Clinical trial design-effect of prone positioning on clinical outcomes in infants and children with acute respiratory distress syndrome

Martha A.Q. Curley, John H. Arnold, John E. Thompson, James C. Fackler, Mary Jo Grant, Lori D. Fineman, Natalie Cvijanovich, Frederick E. Barr, Shirley Molitor-Kirsch, David M. Steinhorn, Michael A. Matthay, Patricia L. Hibberd

Research output: Contribution to journalArticlepeer-review


Purpose: This paper describes the methodology of a clinical trial of prone positioning in pediatric patients with acute lung injury (ALI). Nonrandomized studies suggest that prone positioning improves oxygenation in patients with ALI/acute respiratory distress syndrome without the risk of serious iatrogenic injury. It is not known if these improvements in oxygenation result in improvements in clinical outcomes. A clinical trial was needed to answer this question. Materials and Methods: The pediatric prone study is a multicenter, randomized, noncrossover, controlled clinical trial. The trial is designed to test the hypothesis that at the end of 28 days, children with ALI treated with prone positioning will have more ventilator-free days than children treated with supine positioning. Secondary end points include the time to recovery of lung injury, organ failure-free days, functional outcome, adverse events, and mortality from all causes. Pediatric patients, 42 weeks postconceptual age to 18 years of age, are enrolled within 48 hours of meeting ALI criteria. Patients randomized to the prone group are positioned prone within 4 hours of randomization and remain prone for 20 hours each day during the acute phase of their illness for a maximum of 7 days. Both groups are managed according to ventilator protocol, extubation readiness testing, and sedation protocols and hemodynamic, nutrition, and skin care guidelines. Conclusions: This paper describes the process, multidisciplinary input, and procedures used to support the design of the clinical trial, as well as the challenges faced by the clinical scientists during the conduct of the clinical trial.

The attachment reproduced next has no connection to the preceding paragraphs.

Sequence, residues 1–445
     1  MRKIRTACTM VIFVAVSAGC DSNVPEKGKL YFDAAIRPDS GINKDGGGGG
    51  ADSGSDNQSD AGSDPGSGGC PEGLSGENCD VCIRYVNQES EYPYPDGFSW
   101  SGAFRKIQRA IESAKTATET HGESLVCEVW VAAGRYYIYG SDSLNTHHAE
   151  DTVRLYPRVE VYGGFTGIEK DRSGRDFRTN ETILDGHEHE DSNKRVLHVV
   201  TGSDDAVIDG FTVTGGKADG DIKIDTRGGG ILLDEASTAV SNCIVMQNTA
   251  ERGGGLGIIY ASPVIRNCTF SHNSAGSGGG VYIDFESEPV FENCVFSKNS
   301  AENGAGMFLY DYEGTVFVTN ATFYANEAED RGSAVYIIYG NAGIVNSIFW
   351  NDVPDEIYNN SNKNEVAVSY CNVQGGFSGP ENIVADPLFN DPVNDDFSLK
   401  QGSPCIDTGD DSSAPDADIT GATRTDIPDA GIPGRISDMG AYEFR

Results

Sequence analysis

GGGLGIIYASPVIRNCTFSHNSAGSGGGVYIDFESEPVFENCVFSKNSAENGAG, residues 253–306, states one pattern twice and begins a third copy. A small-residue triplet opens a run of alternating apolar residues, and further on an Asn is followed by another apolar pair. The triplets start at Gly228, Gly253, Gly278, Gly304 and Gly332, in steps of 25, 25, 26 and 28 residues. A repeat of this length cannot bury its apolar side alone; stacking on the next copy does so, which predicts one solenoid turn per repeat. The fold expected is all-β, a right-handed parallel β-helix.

Original languageEnglish (US)
Pages (from-to)23-32
Number of pages10
JournalJournal of Critical Care
Issue number1
StatePublished - Mar 2006


  • Acute lung injury
  • Acute respiratory distress syndrome (ARDS)
  • Clinical trial
  • Multisite study
  • Position
  • Prone
  • Research methods

ASJC Scopus subject areas

  • Critical Care and Intensive Care Medicine


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